“He loved it,” Chris says. “That’s all he did.”

But there was more to Charlie’s story than the job he loved and the close family he headed. He was a member of the Greatest Generation, the one where almost every Tom, Dick and Harry had tales to tell of Great Depression deprivation or World War II courage — or both. Not that they ever felt comfortable telling them.

Charlie was one of those guys. He was a middle-school student in Dallas, Texas, when a 19-year-old Bonnie Parker was waiting tables in the small city, preparing to embark on her short but sensational crime spree with boyfriend Clyde Barrow. Charlie, for his part, stayed on the straight and narrow — until the war, that is. Then everything went sideways.

He served as a waist gunner on a B-17 bomber, flying through antiaircraft fire time and again, deep into Nazi Germany. In one impromptu crew photo, he and his colleagues all look a bit dazed. The reason, he told his grandson decades later: Only minutes before, they’d returned to the base without landing gear, bullet holes everywhere. They’d pulled the ball-turret gunner out of the plane’s belly at the last possible moment before impact.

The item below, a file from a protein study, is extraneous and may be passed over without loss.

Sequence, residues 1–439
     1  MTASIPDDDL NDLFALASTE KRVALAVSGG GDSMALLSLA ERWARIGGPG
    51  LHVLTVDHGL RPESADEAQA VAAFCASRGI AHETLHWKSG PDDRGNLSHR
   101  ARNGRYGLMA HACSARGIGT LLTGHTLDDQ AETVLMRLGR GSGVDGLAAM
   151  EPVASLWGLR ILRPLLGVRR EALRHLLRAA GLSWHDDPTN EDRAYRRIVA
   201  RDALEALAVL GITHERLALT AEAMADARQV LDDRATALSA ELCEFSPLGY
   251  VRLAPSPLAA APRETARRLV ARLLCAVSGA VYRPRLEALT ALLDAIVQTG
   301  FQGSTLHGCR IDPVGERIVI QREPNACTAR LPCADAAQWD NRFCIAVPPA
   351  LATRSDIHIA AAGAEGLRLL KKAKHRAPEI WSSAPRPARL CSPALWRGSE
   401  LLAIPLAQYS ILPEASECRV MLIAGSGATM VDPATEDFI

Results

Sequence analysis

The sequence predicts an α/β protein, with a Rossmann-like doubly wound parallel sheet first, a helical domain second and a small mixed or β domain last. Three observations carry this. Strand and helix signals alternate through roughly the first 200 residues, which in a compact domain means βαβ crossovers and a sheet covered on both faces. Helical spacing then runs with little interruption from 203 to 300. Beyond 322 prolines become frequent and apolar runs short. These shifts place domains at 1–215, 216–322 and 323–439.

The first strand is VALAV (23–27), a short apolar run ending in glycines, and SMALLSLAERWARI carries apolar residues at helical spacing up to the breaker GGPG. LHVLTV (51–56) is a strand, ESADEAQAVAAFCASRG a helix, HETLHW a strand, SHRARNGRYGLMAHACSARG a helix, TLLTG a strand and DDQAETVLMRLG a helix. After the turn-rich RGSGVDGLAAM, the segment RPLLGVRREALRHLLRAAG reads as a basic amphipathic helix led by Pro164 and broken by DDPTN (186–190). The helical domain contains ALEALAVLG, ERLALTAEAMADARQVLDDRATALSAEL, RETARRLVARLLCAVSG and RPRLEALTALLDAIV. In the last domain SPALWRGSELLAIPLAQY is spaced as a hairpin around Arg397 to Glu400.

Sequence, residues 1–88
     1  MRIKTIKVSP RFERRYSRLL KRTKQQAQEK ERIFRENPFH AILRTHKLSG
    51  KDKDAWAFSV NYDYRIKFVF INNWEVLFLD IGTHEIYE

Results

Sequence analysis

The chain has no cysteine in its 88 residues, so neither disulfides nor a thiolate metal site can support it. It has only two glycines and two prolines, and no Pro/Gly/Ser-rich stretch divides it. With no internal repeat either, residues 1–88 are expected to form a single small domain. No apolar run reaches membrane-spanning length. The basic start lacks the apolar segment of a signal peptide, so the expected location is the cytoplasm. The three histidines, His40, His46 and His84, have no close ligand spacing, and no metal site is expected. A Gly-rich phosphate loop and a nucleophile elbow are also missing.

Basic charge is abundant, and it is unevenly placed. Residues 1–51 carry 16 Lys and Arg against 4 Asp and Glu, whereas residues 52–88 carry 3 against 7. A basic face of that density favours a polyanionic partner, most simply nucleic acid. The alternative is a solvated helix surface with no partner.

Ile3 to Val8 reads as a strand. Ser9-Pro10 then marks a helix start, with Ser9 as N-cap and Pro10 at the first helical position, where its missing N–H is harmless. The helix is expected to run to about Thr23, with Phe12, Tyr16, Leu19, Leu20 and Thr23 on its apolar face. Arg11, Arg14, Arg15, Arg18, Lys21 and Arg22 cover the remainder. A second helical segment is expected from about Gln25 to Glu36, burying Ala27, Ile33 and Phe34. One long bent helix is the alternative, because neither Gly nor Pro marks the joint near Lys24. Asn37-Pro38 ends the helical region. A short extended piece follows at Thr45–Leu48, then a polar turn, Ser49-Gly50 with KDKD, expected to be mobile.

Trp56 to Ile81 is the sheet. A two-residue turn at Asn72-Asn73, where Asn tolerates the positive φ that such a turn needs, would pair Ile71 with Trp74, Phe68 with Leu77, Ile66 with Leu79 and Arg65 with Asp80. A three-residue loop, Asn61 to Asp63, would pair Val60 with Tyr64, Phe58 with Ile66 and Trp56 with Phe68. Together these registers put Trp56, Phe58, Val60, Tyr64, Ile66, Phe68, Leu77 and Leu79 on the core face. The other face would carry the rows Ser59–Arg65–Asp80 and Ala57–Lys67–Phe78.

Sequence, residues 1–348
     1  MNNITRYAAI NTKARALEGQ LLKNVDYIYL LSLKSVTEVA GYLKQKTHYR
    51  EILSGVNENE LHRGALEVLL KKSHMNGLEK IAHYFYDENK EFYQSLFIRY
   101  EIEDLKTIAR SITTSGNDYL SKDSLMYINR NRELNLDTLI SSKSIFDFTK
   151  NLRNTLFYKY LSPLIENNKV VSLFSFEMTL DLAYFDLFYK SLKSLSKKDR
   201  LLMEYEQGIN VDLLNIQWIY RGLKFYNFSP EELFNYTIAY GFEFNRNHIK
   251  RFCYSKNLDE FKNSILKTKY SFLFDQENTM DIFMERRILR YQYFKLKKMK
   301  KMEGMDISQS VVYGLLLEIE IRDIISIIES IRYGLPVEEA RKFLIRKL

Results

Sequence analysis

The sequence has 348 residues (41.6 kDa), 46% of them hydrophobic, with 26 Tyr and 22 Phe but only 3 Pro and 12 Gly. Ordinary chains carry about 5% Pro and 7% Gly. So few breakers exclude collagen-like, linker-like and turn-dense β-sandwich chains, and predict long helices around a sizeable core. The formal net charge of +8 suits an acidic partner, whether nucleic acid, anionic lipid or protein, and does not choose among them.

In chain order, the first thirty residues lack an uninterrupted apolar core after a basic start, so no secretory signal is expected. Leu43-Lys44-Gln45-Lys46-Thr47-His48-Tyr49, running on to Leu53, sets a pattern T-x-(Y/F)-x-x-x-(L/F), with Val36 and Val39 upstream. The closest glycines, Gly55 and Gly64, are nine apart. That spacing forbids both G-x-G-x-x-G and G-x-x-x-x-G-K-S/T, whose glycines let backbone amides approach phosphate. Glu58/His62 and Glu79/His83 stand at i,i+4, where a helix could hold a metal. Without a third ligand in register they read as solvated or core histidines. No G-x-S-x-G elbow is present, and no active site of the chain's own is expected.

Just another day at the office.

Inevitably, Charlie’s luck ran out. The crew’s plane burst into flames over the industrial city of Schweinfurst in October 1943. Badly injured by flak, Charlie ended up imprisoned at Stalag 17, the Nazi-run POW camp later made famous by the Billy Wilder movie of the same name.

He emerged from the camp nearly two years later weighing about 90 pounds.

For decades, the only memory Charlie shared from this period of his life was that of seeing the Statue of Liberty come into view when he returned to the U.S. on a convalescent ship. Unless you’ve lost your freedom, you just don’t know what it means, he told his children and grandchildren.

Of course, his wife Lillian was a member of the Greatest Generation too. She didn’t go overseas during the war, but she had her own extreme experiences.

“She was a force of freakin’ nature,” her grandson Chris says.

Lillian grew up in New Mexico, Montana and other western states during the Depression. Her father, a silver miner, moved the family around a lot. That was fine with Lillian — she didn’t mind being on her own, always the new girl in town. She loved to hunt and, by the age of 13, had become an expert poacher.

“You got one shot,” Chris recalls her telling him, because the echoing boom of the rifle might alert the property owner or game warden. When she’d get home with her prize, her parents would share it with every family on the block, to ensure no one turned them in.